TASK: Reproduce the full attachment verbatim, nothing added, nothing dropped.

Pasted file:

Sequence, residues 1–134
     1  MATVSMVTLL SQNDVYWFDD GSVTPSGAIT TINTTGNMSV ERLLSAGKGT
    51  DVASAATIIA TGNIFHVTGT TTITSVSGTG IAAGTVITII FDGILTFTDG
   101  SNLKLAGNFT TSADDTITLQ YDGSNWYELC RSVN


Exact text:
Sequence, residues 1–134
     1  MATVSMVTLL SQNDVYWFDD GSVTPSGAIT TINTTGNMSV ERLLSAGKGT
    51  DVASAATIIA TGNIFHVTGT TTITSVSGTG IAAGTVITII FDGILTFTDG
   101  SNLKLAGNFT TSADDTITLQ YDGSNWYELC RSVN